This is the second installment in an anticipated seven-volume telling, in comic book format, of the Trojan cycle (a review of volume 1, A Thousand Ships, appeared at BMCR 2001.09.43). The author/artist has made an extraordinary commitment to bring to an ostensibly younger and arguably time-challenged audience the sagas of the Age of the Heroes. Not surprisingly, the volume under consideration exhibits some of the same peculiar attractions—and raises the same questions—as the first installment.
Sacrifice begins with the landing of Paris (two years after his departure) on the beach at Troy, as Helen primps belowdecks. Priam reproaches Paris for having abandoned his mission of returning with Hesione, and, fearing invasion by Menelaus and the Achaean host, prohibits Paris from bringing Helen into the city. But Paris and Helen have arrived with their boy child, Aganus. Priam demands that his grandson be raised in Troy even as he continues to insist that Helen be barred from the city. When Paris announces that Helen is pregnant with the second of the three children she will eventually bear by him, Priam relents, and they enter Troy for eight days of wedding celebration; with this, the foundation is laid for the subsequent and inevitable unfolding of the epic conflict.
Shanower depicts several of the multithreaded traditions of the cycle. The title of this volume refers of course to the story of Iphigenia. The rendering of the events at Aulis is faithful to the telling of the story by Euripides, and Shanower has effectively depicted in his own medium both the agony of Agamemnon in his dilemma and the frenzy and dark resoluteness of Clytemnestra (indeed, as the Achaean fleet prepares to weigh anchor, the anguish on her face vividly recalls that of Irene Pappas at the end of Michael Cacoyiannis’s stunning 1977 film version of Iphigenia). One hopes that Shanower will not bring an end to his treatment of the Trojan cycle before he follow this particular thread through to the collapse of the House of Atreus.
As in the first volume, Shanower has provided some gratifying visual touches, including one dialogue-heavy scene laid out over a full page which is divided into eight panels. He has clearly done his art history homework: the costumes, hairstyles, armor (e.g., boars’ tusk helmets), and weaponry are wonderful and accurate renderings of particulars depicted in Minoan and Mycenaean frescoes. Agamemnon’s face mimics the eponymous death mask excavated by Schliemann from Grave Circle A at Mycenae. Some panels will provoke a smile from readers familiar with Greek art. A battle between Achaean and Mysian warriors inspires an hommage to the Sosias Painter’s red figure kylix showing Achilles binding the wounds of Patroclus. Rather more esoteric, perhaps, are an accountant’s throne room recitations of agricultural yields to a preoccupied King Menelaus; these droll lines have all the dramatic force of the terse and formulaic Linear B tablets on which they are based.
In designing his presentation of the Trojan cycle, Shanower made the fundamental decision to exclude the gods. In so doing, he has shined a bright light on the human dimensions of the stories at the expense of other elements that have resonated equally powerfully with dozens of generations of audiences. The interactions of the gods with one another, their foibles, and especially their meddling in the affairs of men were surely appreciated by ancient audiences for their visual effect no less than were the events driven by their presence. They are wholly absent here, and one cannot help but wonder whether ancient Greek audiences would even have recognized some of the scenes in this newest telling.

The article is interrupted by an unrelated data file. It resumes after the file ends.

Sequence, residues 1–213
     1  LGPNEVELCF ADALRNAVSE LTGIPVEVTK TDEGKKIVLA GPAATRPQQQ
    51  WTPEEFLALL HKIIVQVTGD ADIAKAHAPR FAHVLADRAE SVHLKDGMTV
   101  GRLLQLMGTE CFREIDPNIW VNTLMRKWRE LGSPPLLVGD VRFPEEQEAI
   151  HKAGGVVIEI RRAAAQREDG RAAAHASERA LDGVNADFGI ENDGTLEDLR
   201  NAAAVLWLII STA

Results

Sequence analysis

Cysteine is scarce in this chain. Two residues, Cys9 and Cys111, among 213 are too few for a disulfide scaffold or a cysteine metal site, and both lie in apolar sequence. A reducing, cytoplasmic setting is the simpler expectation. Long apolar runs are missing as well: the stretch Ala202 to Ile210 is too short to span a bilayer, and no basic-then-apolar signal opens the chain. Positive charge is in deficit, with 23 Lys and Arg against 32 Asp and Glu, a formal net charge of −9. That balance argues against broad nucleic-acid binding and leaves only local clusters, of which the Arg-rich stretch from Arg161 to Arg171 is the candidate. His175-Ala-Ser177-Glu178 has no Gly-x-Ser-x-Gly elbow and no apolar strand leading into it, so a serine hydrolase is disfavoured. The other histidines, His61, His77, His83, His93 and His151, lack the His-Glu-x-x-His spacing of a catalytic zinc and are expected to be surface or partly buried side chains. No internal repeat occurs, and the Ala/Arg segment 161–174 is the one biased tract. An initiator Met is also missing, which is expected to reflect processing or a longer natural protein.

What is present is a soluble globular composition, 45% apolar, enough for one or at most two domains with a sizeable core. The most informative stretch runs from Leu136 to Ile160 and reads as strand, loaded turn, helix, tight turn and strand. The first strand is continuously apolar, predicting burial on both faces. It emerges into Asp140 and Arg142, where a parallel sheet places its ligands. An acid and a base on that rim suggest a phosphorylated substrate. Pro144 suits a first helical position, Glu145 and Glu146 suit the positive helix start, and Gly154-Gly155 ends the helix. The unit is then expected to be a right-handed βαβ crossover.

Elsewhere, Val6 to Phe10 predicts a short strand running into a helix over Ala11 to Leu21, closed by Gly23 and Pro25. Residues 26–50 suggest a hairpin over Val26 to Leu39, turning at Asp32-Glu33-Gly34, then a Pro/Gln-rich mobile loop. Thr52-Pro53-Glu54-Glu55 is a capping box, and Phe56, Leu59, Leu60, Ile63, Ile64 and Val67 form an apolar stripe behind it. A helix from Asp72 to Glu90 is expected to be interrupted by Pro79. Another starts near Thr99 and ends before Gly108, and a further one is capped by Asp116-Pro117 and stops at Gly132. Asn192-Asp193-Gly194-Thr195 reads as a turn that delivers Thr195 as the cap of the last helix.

Radical transformations of ancient works from one medium to another inevitably raise fascinating questions. Consider the reconfigurations of the Homeric oeuvre over the past three millennia, from recitation in preliterate times to Greek text read on the page in hexameter to dramatic performances in classical tragedy to both poetic and prose publications in other languages to cinema to public television documentaries and docudramas and, now, to the comic book. Artistic ingenuity—and, increasingly, new modes of production and presentation made possible by evolutions in technology — will continue to guarantee that the audience of each age gets the Iliad and Odyssey it deserves, in the medium it invents.
In such matters, past is prologue. This compels the following observation, which is presented by way of a heads-up. As I write this, it has just been announced that the complete works of Shakespeare will soon be made available in a format sure to be appreciated by reading-averse youth — the explicitly targeted audience is students—in the language of cell phone text messages. Soon we will all be able to experience our own virtual dark night of the soul, as we thoughtfully soliloquize, along with Hamlet, “2b? Nt2b?”. The crustier literature teachers among us might forgive Shanower in the fullness of time for adapting Homer to comic book format, thereby permitting some students to bypass the drudgery of reading the relatively prolix CliffsNotes editions of his works. But the University College London English professor who consulted on the breathtakingly gratuitous endeavor to adapt significant literary works to the language of the cell phone will no doubt be judged more harshly for his pandering (or at least one can so hope). Let readers of this journal be forewarned: While the press releases describing this sad venture do not yet predict it, Homer himself might well be in the crosshairs for the next wave of lit lite.
“ro z fngrd don”, anyone? “yn drk c”?